Keep in mind that I do all of my own work (with the exception of alignment, etc.) so labor-intensive processes don't scare me the way they would some who are paying someone to do it for them, hehe.

Thanks in advance for contributing to what I hope is a lively topic!!!
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Old 09-18-2018, 02:52 PM   #2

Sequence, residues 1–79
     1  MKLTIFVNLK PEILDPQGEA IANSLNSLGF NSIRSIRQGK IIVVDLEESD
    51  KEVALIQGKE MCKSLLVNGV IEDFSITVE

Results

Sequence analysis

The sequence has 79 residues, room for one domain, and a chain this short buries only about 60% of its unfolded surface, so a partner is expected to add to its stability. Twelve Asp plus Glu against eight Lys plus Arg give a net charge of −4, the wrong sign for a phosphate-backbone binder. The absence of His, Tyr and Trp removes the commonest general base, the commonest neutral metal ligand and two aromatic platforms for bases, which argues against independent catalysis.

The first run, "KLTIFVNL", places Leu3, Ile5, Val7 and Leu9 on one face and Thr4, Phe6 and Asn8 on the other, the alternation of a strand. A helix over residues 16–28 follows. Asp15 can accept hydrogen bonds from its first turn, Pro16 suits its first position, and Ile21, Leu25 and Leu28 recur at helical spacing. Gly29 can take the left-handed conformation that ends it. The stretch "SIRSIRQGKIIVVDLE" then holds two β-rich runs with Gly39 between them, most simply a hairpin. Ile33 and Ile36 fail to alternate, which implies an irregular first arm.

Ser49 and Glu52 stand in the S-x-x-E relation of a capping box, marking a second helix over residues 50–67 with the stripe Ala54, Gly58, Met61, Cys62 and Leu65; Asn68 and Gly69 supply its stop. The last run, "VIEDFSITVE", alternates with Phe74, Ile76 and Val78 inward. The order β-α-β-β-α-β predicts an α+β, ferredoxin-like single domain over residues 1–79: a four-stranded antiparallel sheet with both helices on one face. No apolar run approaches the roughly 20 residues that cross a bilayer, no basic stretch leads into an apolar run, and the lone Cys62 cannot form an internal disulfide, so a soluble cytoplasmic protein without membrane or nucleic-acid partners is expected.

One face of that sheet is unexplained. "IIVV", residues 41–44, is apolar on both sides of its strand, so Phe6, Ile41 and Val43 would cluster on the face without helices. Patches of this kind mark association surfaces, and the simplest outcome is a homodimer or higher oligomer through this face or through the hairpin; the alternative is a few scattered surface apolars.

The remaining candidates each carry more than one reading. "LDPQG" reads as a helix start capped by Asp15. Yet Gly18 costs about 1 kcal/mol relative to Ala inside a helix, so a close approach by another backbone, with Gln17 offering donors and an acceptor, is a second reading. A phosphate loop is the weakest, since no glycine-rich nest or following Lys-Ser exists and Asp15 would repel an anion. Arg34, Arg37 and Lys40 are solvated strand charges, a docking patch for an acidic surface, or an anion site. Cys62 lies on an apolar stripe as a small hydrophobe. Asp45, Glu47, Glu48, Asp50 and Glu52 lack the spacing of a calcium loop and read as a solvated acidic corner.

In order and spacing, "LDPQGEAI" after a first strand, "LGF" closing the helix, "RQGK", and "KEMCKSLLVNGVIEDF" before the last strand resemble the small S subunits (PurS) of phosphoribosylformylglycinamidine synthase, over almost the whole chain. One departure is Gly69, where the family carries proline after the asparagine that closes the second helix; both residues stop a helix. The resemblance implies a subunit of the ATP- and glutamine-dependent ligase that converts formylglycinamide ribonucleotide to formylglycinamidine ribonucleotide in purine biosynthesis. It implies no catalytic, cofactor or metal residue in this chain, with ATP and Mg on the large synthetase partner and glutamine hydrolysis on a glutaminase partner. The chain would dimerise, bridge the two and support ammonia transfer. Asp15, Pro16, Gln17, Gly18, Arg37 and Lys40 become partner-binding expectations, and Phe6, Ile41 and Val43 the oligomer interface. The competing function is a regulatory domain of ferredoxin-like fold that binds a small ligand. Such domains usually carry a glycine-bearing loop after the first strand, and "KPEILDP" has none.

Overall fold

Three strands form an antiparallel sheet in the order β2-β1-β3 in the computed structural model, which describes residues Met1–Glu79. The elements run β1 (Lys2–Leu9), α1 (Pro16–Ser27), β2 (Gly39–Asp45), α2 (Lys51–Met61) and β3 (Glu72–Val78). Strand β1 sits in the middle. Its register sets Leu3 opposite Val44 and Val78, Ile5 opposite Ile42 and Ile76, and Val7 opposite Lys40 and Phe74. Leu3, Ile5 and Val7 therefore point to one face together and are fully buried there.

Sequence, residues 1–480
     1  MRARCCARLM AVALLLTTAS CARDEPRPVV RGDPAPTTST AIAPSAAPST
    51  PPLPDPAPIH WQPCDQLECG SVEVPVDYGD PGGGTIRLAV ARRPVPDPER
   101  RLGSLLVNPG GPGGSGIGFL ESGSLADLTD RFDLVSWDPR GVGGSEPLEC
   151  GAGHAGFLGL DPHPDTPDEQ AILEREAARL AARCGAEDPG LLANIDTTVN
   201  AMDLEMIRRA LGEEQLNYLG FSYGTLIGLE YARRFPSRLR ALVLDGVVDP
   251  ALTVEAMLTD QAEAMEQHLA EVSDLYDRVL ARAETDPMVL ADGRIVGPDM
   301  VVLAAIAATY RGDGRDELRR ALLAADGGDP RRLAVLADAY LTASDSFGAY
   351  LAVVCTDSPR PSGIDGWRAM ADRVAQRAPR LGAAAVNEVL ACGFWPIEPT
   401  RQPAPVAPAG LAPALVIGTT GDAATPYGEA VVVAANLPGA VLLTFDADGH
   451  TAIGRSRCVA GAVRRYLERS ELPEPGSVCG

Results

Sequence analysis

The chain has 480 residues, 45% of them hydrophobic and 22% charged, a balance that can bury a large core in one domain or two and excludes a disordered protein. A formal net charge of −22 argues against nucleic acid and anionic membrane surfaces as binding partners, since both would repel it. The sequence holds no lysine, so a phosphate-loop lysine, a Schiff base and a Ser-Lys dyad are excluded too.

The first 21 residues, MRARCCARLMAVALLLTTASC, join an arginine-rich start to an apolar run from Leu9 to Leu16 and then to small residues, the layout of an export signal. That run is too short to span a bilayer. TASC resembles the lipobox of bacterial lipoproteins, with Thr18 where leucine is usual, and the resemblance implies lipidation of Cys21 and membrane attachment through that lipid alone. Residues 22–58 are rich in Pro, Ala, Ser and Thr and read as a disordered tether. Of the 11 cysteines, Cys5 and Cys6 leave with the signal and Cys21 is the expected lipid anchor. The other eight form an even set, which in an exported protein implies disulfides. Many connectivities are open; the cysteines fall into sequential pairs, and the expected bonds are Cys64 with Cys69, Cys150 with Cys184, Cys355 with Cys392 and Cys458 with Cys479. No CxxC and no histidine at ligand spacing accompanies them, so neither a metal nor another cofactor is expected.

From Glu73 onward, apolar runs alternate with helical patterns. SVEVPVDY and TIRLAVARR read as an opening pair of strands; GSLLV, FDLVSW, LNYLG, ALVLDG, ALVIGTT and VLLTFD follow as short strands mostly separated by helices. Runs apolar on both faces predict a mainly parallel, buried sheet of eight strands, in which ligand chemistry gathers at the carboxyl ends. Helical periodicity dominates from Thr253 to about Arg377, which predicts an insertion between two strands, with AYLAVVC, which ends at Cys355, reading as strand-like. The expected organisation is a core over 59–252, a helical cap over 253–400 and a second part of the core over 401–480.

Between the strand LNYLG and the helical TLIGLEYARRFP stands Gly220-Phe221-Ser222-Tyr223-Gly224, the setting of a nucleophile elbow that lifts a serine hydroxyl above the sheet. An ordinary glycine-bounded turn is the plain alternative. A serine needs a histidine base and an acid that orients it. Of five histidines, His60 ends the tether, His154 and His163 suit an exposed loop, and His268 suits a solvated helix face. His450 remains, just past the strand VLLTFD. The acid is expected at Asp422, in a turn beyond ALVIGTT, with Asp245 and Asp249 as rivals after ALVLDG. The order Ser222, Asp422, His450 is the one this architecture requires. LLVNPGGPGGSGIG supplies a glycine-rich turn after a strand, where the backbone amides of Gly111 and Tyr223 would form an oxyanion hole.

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i think you are a very advanced driver (1.1 lat g at 80 mph is fast) so are going to have to decide if you want a track car or a road car. a jack of all trades is a master of none and all that. also, how much to you want to spend. the entry level coilovers have gotten quite good and come with camber plates for cheap negative camber and ability to adjust softer/stiffer. a good track alignment is going to rough you up on the street. i can get to -3 in the front with my ksports and still drive it around. not that enjoyable, however, and really only do it to go to/from the track. a good set of sways will stiffen the car up without having to touch the struts and will have no noticeable effect on the street. the go-to is the gt3 front and tarett rear, which also require drop links (i have a spare set if interested). sways will certainly help to fix understeer. i think first step is tires. not sure i think square is the right move; ok for racers who burn through tires, but for DE, use the width to tune the balance of the car. on 18", 235F/265R is a great setup that tames a twitchy rear end and locks the front down. and get some cheap wheels (or light - choose one) and run a dedicated track tire; an nt01 will let you drive to/from the track with not a lot of drama. an r7, well, time to buy a trailer. for power, you can also add lightness which is equivalent (and saves brakes and tires) or do exhaust which does both. race seats re much lighter but have the added benefit of better driver control. but now you have loud exhaust, uncomfortable seats, twitchy alignment, scary tires, stiff suspension - still a streetable car?